6. In, on – I was asked just that the other day. Our mistakes with prepositions come from the fact that in Filipino, the only preposition we use is “sa”. It is a universal preposition that works for just about any location you want to describe. In English, we need to be more specific and that specificity requires more than just using the right word, you need to use the right preposition. “In” is used for both time and place. “One” is no different. In time “in” is used to refer to non-specific dates like seasons and months. For places, “in” is used to refer to enclosed spaces or places with a definite boundary but not for a particular address. See the examples below:
In the rainy season, we will have nurse doing full-time duty in the company clinic.
My birthday is in August. (no specific day)
I left my wallet in the car. (enclosed space)
I was born in Manila (specific boundary but not a specific address).
“On” is used to refer to a specific day or date. For places, “on” is used to refer to things placed on the surface of something. See the examples below:
I was born on August 14. (specific date. Yes, my birthday)
Our trainer will arrive on Tuesday. (specific day)
You are standing on my foot. (surface location. Ouch)
I heard the boss on the radio. (technically considered surface location. Don’t ask me why)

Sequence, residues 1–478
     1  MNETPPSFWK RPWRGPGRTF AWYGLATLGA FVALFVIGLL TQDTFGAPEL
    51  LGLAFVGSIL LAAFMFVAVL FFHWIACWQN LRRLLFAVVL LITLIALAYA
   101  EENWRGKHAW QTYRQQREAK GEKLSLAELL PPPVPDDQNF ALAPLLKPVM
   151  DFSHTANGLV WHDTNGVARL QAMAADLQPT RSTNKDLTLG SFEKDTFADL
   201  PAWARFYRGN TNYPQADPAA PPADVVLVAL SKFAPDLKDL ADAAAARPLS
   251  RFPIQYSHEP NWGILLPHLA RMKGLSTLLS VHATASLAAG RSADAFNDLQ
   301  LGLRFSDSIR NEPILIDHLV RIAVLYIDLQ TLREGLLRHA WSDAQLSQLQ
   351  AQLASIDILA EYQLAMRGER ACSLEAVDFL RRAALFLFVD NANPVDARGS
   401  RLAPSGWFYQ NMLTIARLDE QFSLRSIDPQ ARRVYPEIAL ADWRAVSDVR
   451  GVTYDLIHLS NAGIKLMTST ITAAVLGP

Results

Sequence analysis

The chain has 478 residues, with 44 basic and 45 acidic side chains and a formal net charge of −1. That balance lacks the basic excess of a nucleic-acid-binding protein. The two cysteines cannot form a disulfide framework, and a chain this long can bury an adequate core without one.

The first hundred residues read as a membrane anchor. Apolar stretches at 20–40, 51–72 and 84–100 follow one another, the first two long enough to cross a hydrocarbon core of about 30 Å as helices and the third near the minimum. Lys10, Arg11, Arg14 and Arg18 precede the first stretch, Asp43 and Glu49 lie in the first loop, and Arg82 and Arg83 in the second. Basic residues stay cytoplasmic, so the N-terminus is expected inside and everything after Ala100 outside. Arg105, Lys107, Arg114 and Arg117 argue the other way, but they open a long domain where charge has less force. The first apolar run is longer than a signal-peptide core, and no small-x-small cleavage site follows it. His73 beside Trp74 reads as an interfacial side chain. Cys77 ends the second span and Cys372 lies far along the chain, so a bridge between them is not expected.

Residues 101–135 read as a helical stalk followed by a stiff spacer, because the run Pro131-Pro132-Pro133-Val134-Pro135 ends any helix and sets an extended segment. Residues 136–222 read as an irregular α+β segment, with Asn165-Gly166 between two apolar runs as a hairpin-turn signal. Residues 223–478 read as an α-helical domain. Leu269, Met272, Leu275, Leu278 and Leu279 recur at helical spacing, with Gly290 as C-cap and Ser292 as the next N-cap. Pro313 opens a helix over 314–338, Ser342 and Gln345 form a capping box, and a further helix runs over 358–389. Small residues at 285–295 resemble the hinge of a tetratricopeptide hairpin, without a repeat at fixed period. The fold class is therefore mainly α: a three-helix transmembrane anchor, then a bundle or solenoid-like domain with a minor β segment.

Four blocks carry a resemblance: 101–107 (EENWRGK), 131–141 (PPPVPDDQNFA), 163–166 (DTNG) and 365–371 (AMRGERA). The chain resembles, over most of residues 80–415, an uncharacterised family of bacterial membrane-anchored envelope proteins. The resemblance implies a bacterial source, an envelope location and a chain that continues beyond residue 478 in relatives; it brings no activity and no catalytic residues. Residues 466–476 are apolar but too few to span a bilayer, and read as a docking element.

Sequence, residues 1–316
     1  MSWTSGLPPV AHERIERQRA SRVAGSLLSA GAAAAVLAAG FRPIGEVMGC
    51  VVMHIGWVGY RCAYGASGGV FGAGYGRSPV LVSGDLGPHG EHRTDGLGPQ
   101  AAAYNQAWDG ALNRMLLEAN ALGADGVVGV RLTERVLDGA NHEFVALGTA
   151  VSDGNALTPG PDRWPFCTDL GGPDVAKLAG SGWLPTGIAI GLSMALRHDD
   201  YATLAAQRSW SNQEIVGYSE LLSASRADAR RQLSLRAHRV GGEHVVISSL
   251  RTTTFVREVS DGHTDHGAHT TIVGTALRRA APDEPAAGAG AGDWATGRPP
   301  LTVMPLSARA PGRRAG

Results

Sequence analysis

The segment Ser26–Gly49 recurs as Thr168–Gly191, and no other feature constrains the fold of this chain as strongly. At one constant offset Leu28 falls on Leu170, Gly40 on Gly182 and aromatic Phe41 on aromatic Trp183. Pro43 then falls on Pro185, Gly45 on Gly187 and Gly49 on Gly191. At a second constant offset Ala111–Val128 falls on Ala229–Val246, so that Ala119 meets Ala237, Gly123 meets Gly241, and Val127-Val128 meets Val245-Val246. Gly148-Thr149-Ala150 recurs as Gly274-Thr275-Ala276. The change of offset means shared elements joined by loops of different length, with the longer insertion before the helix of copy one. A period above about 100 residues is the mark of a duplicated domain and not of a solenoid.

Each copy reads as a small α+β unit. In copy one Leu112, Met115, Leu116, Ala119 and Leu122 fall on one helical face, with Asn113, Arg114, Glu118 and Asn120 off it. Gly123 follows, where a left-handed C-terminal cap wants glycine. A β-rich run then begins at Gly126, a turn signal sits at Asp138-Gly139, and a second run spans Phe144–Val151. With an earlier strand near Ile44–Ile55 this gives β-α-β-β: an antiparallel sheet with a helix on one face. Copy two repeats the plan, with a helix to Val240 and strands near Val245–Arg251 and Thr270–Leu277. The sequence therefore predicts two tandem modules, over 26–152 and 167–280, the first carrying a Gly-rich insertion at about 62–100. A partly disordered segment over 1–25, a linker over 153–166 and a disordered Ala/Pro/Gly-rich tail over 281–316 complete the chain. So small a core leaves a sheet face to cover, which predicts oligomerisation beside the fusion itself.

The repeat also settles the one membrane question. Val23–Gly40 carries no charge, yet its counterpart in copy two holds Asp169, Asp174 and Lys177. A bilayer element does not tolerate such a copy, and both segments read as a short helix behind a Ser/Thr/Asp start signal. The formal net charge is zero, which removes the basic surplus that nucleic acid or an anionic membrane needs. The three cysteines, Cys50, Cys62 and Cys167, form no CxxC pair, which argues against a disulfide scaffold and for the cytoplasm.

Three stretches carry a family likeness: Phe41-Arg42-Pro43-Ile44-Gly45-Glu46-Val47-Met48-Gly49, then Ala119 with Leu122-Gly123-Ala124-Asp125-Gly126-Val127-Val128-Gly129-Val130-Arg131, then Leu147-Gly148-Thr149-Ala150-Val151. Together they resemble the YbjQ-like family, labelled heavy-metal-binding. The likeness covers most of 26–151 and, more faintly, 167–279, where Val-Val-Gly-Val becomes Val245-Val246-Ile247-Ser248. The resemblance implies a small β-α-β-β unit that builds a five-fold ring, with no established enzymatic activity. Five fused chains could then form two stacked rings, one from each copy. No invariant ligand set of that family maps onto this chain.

However, there are some confusions like using in and on with transportation.
My cellphone signal is choppy because I’m in the bus.
It happened while I was on the bus.
It wouldn’t hurt at all if you gave your opinions about this in the comments section.
7. Already – ah the ubiquitous “already”. We Pinoys use it to translate the enigmatic “na” and “naman”. So when we think of saying “Tawag ka na ni boss!” in English, we say “You go to the boss already!” My favorite message in the email, “We have pizza in the pantry already!” The word “already” should only be used to refer to something that occurred before a specified time. See the examples below:
We started this project last year and the shipment delay has already made us late by a month.
No need to wait for the program to finish, you can already start having your dinner. (I wish)
8. … or the ellipsis – ideally, you should not use this in an email or memo. A co-worker loves using this in his emails such as this one:
• “Attached is the .doc file of the ABC procedure for your reference…”
• His email contained nothing else but this sentence and his email signature. Oh and the annoying Argyle stationery.
Use the ellipsis only when you are omitting certain words in a quote because it is unnecessary and irrelevant to the meaning you want to convey. Such as in this example:
• According to the survey, “The number of Americans who have died of lung cancer has decreased by 20 percent in the last five years. … This is very encouraging news for those who have been promoting healthy lifestyles.” (borrowed from www.writeexpress.com)
So you see, there is no need for us to be fancy or creative writers to make good, easy-to-understand office memos and emails. We just need to write the proper way. Bad grammar tends to make you lose (not loose) the respect of your subordinates and make you the butt of jokes. Your authority is undermined and so is the company’s especially in correspondences with other organizations. If you are unsure, enable your grammar check in Outlook. It will save you from embarrassment.